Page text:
Lebanese-Australian journalist Ghassan Nakhoul was selected among 12 of Australia’s most prominent journalists to present their stories at the new interactive exhibition Truth, Power and a Free Press that highlights the importance of media freedoms in Australia.
The exhibition was launched in Canberra, Australia, featuring stories told by 12 journalists who were harassed for their professional investigations and protection of their sources.
Award-winning SBS journalist Ghassan Nakhoul, who hosts and produces Australia Alyaom on SBS Radio Arabic24, was among those who have contributed to the exhibition along with other inspiring and famous journalists.
Ghassan Nakhoul relocated to Australia in 1989 and went working as a journalist to soon start experiencing first-hand the harsh consequences of investigative reporting.
His inspiring story narrates that, at the height of the Australian government’s war on people’s smugglers in 2001, Nakhoul managed to interview one of these smugglers of people over the phone.
When the smuggler was later caught trying to enter Australia and put on trial, the prosecution demanded the Nakhoul reveals the name of the source who had connected him with the smuggler.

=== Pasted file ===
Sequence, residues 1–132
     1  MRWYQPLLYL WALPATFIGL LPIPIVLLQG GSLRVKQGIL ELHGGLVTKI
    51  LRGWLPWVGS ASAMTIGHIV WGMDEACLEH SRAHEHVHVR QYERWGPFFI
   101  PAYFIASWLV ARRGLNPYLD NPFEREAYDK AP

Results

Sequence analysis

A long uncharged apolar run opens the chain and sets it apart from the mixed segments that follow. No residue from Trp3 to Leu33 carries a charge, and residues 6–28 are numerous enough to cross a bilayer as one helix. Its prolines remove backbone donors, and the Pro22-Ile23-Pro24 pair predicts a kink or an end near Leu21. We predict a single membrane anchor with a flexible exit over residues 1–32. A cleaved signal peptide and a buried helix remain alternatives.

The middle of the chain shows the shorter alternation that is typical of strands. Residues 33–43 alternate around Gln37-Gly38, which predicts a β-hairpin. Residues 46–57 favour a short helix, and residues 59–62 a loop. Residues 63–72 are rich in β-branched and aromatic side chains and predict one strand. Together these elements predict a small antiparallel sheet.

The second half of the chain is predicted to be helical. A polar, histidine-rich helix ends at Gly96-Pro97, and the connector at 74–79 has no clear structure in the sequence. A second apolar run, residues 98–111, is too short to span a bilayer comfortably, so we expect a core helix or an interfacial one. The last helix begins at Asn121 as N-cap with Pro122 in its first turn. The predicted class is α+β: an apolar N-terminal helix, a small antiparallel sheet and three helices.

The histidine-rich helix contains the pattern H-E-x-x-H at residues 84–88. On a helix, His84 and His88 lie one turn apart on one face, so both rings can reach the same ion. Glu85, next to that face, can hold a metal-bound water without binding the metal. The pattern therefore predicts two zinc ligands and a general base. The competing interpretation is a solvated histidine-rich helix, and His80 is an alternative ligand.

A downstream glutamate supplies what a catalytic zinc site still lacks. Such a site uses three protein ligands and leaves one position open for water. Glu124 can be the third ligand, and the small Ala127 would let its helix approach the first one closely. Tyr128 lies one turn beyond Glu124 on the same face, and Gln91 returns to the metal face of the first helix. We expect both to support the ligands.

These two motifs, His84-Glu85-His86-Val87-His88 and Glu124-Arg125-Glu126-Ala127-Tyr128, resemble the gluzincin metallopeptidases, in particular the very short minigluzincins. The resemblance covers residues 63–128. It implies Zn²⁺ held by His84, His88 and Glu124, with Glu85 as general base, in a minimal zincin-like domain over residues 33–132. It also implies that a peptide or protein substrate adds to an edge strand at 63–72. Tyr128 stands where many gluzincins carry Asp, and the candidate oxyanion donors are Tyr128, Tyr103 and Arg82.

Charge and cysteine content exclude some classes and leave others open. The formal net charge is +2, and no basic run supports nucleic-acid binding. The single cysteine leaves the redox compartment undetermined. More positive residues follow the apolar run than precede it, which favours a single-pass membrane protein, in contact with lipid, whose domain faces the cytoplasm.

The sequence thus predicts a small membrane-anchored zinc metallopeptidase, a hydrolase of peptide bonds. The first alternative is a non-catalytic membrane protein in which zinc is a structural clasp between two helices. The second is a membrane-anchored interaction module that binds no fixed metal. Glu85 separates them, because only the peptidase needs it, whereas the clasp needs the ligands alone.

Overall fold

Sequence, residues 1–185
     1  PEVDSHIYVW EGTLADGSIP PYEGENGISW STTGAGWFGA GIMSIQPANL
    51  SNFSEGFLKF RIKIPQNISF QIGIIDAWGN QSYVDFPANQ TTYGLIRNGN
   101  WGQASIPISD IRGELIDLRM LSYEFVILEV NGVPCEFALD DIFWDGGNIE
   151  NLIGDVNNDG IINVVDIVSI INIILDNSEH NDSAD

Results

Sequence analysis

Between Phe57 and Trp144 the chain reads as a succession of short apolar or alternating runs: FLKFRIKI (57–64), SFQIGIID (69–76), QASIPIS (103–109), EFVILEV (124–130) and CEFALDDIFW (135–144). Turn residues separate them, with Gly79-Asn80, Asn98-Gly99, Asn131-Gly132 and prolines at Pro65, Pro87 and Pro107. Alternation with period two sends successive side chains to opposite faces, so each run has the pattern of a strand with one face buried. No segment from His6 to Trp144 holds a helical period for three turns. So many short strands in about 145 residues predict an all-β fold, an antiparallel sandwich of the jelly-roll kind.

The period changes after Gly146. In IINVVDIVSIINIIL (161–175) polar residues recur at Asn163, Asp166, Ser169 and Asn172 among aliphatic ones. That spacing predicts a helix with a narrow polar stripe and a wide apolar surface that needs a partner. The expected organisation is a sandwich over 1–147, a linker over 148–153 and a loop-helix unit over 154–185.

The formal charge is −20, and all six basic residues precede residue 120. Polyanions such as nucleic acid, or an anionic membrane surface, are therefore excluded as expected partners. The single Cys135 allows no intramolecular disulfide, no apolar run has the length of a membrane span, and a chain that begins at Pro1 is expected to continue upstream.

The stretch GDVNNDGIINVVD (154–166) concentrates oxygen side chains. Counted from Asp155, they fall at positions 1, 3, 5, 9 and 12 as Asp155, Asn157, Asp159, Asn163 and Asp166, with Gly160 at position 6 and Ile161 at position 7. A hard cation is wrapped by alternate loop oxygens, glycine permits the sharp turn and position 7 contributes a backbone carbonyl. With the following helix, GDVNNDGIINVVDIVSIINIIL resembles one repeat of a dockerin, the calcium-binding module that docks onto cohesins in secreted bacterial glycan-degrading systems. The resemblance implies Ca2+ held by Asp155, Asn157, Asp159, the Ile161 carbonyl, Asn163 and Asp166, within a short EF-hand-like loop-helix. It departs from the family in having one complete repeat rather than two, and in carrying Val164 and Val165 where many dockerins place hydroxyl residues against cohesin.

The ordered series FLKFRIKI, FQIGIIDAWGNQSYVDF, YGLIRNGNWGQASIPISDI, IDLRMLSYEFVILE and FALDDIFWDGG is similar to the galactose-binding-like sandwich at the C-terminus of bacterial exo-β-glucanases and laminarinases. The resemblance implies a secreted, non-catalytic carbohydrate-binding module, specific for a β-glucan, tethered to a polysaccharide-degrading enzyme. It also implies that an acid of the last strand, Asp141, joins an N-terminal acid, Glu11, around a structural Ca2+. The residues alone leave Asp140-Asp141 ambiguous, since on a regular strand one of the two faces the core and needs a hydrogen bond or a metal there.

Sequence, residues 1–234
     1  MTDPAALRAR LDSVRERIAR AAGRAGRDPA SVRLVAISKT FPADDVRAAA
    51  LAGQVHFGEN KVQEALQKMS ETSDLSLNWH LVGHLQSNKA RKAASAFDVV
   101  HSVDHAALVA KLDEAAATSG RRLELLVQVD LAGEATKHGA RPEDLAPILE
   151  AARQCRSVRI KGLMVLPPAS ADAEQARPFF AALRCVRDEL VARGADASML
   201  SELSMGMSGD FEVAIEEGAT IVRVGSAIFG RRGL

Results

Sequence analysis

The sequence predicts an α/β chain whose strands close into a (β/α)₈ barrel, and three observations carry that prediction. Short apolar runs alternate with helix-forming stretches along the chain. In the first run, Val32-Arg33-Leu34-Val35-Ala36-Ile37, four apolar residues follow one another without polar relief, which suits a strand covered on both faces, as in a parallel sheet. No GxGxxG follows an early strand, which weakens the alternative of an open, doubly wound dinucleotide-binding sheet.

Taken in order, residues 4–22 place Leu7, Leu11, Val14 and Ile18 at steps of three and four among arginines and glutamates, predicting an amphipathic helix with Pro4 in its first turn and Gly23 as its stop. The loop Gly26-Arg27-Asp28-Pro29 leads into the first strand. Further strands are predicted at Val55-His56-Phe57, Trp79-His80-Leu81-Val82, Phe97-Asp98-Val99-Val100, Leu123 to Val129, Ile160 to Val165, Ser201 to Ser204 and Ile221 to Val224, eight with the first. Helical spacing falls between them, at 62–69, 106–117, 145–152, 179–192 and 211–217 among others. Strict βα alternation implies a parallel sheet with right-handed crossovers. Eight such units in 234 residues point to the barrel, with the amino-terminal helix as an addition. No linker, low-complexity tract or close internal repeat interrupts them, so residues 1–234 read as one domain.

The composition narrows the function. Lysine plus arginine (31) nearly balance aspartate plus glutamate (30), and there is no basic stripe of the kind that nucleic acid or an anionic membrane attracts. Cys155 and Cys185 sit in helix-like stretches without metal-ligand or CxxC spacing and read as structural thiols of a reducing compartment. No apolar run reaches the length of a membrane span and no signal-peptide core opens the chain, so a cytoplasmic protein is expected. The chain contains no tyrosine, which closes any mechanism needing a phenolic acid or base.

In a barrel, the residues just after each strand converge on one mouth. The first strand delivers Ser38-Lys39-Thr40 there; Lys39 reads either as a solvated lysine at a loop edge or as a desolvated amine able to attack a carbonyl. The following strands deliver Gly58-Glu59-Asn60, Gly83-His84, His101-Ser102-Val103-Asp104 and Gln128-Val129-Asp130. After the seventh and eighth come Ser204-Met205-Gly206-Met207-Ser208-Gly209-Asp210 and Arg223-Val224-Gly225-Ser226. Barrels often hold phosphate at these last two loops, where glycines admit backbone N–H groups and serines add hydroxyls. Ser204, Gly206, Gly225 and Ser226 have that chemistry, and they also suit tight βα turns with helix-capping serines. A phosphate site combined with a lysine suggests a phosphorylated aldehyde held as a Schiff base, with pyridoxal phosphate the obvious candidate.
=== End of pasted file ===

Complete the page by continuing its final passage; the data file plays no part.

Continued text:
Lawyers informed Nakhoul that he could face five years of imprisonment for contempt of court for not revealing the identity of his source should he be ordered by the judge. In the end, Nakhoul was not asked to reveal his source, but he says he was ready to risk jail time to maintain confidentiality.
“The identity of my source would go with me to the grave. It’s time to make sure that the sources for journalists are always protected; to have this right instituted in law,” he says.
Ghassan Nakhoul shared with “Good Morning Australia” program that, during that time, “he felt that he was not protected as a journalist by Australian law, as there is no material protecting the confidentiality of press sources, but that, in return, he received the great support of the Foundation SBS and its judicial team, and by the institution’s law firm and senior management.”
Nakhoul’s long career in “SBS – Arabic 24” is a good testimony that the truth is sacred to him, and the truth must be said even if at all costs, and this fact has been a weapon in his hand throughout his career dedicated to delivering the voice of truth.
Ghassan Nakhoul’s story is currently featured, along with 11 other famous and inspiring stories, in the exhibition where visitors are asked to walk the halls of Old Parliament House and hear Australian journalists explain why they work as reporters, and the responsibilities they feel in their jobs.
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